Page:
I had no idea what to expect going into this book. I never thought I’d finish the thing in just a few days and feel so utterly connected to someone I’d never met. Knowing Nikki’s story has reminded me why I started to write about mental illness online, even though it often leaves me feeling vulnerable to expose myself to the world.

Read the full review at Fiona Likes to Blog.

Empowered Eating – Must Read! Washed Away: From Darkness to Light

Washed Away: From Darkness to Light reflects a story of recovery and determination. Dubose allows us not only into her world, but similarly, into her thoughts, feelings, and emotions. She opens up about important conversations surrounding mental illness and the modeling industry that teaches a standard of “beauty” that is not always healthy and realistic. The memoir provides honest reflection as we see the stages of childhood, adolescence, adulthood and what Dubose takes away from each stage of her own life.

Read the full review at Empowered Eating.

Eating Disorder Hope: The Process of Transformation

When recovering from eating disorders and body dysmorphia, one of the biggest challenges can be to change our inner perception, that negative self-talk, especially when we have a distorted outer vision of ourselves.

The Way We See Ourselves

However, we must consciously work on shifting the way we see ourselves on the inside, before we will ever love who we are on the outside. Everything begins in the mind. In my debut memoir, Washed Away: From Darkness to Light, I write about how I was able to wipe away that negative, monstrous outer image, starting from the inside [1].

Read the rest of the blog on Eating Disorder Hope.

Slay Girl Society Review of Washed Away: From Darkness to Light

If you are looking for a story about a remarkable human being, with perseverance and resilience, who describes her horrifying and haunting life story with candor and courage, than I highly recommend Washed Away: From Darkness To Light, a memoir by Nikki DuBose with James Johanson. It is definitely not a light read – so be forewarned now. Washed Away is emotionally wrenching, compelling and brutally honest, truly providing insight into the mind of someone with mental illness and allowing the reader to understand her deepest and darkest thoughts.

Read the full review at Slay Girl Society.

Eating Disorder Hope: Eating Disorders and High School Life

During my first day at James Island High, I wandered aimlessly through the halls. Hundreds of students buzzed by, but I couldn’t hear anything for the dark voices. “Nobody will ever be your friend. You’re a loser!” I kept my head down toward the gum-spattered floors. I wanted to spare everyone from my hideous appearance. When the teachers called out my name During roll call, I didn’t answer; instead, I sulked in the back of the class, afraid to utter a single word.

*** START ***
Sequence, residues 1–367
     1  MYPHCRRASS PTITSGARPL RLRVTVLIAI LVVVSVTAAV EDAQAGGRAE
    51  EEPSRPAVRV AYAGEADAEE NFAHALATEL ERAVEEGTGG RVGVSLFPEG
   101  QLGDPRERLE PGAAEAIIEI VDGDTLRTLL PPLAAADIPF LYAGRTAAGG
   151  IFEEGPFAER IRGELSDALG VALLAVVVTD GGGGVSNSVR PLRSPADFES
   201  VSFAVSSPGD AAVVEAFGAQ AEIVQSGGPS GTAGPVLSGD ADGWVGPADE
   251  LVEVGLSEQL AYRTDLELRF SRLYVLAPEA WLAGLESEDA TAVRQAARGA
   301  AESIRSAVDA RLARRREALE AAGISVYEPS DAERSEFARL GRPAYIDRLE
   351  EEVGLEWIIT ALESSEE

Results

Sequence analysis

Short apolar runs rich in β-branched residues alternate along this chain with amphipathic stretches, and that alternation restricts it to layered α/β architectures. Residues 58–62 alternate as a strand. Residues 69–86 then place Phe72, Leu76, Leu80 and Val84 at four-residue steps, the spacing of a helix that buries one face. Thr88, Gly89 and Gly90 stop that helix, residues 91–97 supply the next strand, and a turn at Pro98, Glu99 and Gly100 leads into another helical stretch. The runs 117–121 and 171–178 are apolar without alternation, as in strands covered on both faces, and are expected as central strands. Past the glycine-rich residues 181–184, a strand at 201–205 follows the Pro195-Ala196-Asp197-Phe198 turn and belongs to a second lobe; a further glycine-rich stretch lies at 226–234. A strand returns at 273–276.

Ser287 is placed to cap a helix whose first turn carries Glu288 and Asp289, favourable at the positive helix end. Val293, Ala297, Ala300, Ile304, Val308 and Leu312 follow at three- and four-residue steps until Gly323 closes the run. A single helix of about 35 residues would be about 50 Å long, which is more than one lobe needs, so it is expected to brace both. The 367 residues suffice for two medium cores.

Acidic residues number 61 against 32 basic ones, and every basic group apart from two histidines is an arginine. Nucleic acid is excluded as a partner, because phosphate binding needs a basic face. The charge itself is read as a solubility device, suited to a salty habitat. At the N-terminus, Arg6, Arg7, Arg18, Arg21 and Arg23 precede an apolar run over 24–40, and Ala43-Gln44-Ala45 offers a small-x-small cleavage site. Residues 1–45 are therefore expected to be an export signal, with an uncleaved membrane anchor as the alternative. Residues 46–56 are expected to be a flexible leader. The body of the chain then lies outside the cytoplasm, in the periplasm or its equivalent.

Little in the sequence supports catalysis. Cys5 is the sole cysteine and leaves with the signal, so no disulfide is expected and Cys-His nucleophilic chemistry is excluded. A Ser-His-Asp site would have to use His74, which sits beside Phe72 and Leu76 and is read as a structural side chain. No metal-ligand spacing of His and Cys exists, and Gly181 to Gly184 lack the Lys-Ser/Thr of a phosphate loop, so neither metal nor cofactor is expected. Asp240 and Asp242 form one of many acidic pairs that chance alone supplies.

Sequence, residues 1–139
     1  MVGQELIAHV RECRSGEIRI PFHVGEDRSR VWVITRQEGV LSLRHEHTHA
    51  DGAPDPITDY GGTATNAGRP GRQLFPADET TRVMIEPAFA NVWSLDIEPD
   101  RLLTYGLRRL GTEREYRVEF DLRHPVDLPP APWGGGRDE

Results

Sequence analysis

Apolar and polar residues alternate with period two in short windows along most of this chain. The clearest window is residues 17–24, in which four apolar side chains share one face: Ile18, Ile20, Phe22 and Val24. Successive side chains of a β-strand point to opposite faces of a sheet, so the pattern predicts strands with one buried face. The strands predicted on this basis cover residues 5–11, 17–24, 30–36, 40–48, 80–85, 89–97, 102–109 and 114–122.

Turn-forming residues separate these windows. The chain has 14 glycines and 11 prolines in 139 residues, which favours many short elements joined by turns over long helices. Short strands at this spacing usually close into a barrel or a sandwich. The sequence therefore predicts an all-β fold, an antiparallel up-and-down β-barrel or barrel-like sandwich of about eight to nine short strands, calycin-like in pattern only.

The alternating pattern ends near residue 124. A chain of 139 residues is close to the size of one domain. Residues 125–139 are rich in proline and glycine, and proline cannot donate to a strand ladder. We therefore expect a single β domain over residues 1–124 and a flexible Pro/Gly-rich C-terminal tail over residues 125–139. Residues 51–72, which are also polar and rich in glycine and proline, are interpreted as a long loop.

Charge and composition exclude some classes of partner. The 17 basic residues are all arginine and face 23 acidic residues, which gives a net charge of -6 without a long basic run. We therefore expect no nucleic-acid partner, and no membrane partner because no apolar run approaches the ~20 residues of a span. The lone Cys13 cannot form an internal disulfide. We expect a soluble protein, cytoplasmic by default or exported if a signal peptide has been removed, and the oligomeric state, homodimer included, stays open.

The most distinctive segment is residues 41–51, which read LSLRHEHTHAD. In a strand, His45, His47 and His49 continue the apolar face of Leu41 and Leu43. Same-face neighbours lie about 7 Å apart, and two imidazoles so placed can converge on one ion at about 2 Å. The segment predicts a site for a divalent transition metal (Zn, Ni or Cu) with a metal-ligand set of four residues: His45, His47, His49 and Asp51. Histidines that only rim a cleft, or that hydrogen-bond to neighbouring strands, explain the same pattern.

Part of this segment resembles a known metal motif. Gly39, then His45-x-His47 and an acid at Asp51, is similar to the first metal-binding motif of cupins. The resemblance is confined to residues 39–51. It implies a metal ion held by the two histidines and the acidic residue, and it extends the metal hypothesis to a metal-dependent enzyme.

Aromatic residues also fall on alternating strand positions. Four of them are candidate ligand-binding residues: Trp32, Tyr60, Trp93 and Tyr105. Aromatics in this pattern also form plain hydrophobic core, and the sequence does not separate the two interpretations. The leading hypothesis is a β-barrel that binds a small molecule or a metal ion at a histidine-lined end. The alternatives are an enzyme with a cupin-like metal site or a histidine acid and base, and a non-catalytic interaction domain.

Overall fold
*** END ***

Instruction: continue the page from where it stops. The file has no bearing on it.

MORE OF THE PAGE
As the days passed on through March, I wanted to disappear. I was certain that if I stayed at James Island High much longer, everyone was going to find out about my past. Deep down, I longed for others to understand, but I knew that no one could, so I avoided conversations at all costs.

During lunch, I anxiously raced through the lines and grabbed a couple of brown paper bags and desserts. I thought it best to dodge the noisy chatter at the tables and skipped straight ahead to the bathroom stalls. There I at least had silence. The crinkle noises my sandwiches made as I unwrapped them was all the friendship I needed. I had my food, and I had my thoughts. Although, I questioned my thoughts most of the time. I could only sit with my thoughts for a few minutes before purging; it seemed like the rational method to rid myself of the pain.

Read the full blog post at Eating Disorder Hope. 

Another Great Review of Washed Away: From Darkness to Light

I squeezed in between Vanessa and Sarah on the bow of the sea doo boat and leaned my head back into my shoulders to let the sun bake away at the freakishly boy short tan lines on the tops of my thighs. As the boat bobbled further away from the campground on the small lake waves, Sarah pulled out a bag of chips. Vanessa tapped her stomach and shook her head no and then she patted mine.

“I envy your tummy you know. Always have.”

“I do too. It’s so flat. You must do something at home,” Lana said from behind.

I felt the blood rush to my cheeks and I quickly draped a Minnie Mouse beach towel over myself.

“No, I don’t do anything.”

“Well I’ve been doing these crunches that I saw in my mom’s magazine. I do like 100 of them. I brought it with me. We should all do them when we get back.”

Read the full review at All Work And No Play Makes Mommy Go Something Something

Eating Disorder Hope: How Eating Disorders Affect Work and School